On March 11, 2015, Toronto City Council finally approved funding for lesbian, gay, bisexual, transgender, queer, questioning, and 2-spirit (LGBTQ2S) youth transitional housing. Although I am extremely disappointed that LGBTQ2S youth homelessness has been inadequately addressed for so many years, I am grateful that there is more understanding and awareness of this social justice crisis. I am also grateful that more organizations are now committed to developing campaigns and programs for LGBTQ2S youth experiencing homelessness.
Schools have traditionally emphasized conformity as a way to encourage fitting in. Those who do not conform can find themselves facing discipline for infractions that, in other circumstances, would draw little if any attention. How well can rules to create conformity work for a transgendered teenager? Not well at all.
As an evolved species, we can do better than repeating the same patterns of discrimination that feed into a looping and segregating cycle. Let's lay out all issues on the table, educate, and not stamp prejudice onto those who suffer greatly for various other reasons because they fit in with the white/ straight/ rich categories.
For a majority of Torontonians, Pride is just another big-city party. But beyond the booze and the naked leathermen, Pride is an inherently political celebration of freedom -- for LGBTQ people just like me to be who we are without fearing we'll be the target of yet another verbal assault or hate crime. I wake up every day knowing my traditional Italian family will never accept me, watch me walk down the aisle or even meet my future wife. But all those fears seem to slip away when I'm surrounded by a community of people who know the same fear and sense of injustice I do. And when we are banded together, marching down Yonge Street with flags and Super Soakers, we are practically invincible.
Growing up gay and brown in the suburbs was rough. I came really close to flying to freedom towards the end of my senior year of high school when I drove off a cliff near my home. I thought it would be better than the stress of exams and the alienation I felt from being the only gay kid in the neighbourhood.
The youth I have spoken to over the years have described Toronto's shelter system as a dangerous place for LGBTQ youth because of prolific homophobia and transphobia. I have heard stories of youth living in parks because they did not feel safe in the shelter system due to daily threats of homophobia and transphobia.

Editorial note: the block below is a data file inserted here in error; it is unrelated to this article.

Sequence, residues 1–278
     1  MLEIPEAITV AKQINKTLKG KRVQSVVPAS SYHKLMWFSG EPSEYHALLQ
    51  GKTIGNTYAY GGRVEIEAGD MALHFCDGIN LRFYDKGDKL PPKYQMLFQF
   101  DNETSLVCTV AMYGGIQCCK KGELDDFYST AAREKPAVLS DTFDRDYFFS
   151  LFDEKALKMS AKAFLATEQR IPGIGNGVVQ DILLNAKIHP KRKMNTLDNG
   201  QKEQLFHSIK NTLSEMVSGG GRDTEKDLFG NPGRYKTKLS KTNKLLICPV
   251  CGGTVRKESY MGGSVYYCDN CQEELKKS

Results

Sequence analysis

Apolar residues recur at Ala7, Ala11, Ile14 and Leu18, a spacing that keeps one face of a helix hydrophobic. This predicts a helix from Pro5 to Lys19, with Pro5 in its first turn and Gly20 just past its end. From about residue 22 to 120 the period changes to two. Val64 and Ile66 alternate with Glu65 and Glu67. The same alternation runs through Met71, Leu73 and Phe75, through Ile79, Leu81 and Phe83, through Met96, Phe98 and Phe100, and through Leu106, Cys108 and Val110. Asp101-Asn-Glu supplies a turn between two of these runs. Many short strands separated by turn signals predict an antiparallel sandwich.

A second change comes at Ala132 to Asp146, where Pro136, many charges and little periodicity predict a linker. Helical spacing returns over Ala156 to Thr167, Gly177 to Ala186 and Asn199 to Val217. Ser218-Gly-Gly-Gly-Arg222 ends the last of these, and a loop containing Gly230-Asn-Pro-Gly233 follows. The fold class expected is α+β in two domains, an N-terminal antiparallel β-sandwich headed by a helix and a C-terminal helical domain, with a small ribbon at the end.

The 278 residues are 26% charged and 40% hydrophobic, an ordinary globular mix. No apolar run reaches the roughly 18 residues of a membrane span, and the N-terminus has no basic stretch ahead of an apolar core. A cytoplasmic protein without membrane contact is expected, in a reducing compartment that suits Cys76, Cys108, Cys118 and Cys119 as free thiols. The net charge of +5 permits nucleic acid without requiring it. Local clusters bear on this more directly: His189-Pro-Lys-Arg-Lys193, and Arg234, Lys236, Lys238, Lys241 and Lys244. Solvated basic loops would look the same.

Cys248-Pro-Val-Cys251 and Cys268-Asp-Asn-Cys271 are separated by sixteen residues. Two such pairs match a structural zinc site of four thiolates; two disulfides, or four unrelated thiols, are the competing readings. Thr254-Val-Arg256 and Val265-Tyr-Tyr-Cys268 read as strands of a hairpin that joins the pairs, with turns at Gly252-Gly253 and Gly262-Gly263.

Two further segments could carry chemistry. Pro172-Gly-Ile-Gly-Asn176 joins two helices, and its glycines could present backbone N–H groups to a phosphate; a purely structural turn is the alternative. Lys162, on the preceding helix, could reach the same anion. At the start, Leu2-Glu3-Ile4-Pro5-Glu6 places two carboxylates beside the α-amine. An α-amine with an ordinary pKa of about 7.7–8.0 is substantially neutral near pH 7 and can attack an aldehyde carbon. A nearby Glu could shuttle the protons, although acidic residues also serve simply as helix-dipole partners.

There is no arguing that the Roman Catholic Pope is the very portrait of homophobia, and although some would argue that he has a legal right to spread his message of hatred, the question must be asked in Alberta why our government is so willing to fund a school board that supports this hatred, this outright advocation for gay genocide.
To those who expected Foster to announce publicly that she is gay, the speech was likely a disappointment. Certainly celebrity news opportunists like Harvey Levin and Perez Hilton were deleting hastily written posts for their websites when Foster said little more than "I'm single" as her big announcement. The subsequent outcry from some in the LGBTQ was perhaps far more surprising than Foster's refusal to publicly come out.
Another Canada Day, another successful Pride Parade along the streets of downtown Toronto. As in previous years one of the largest parades of its kind saw hundreds of thousands of people lining the streets. The Parade itself covers less than a mile or two of Toronto's streets but the geography is far less important than the message it sends. It was only 30 years ago this February that Toronto Police raided the city's gay bathhouses, arresting more than 300 innocent men.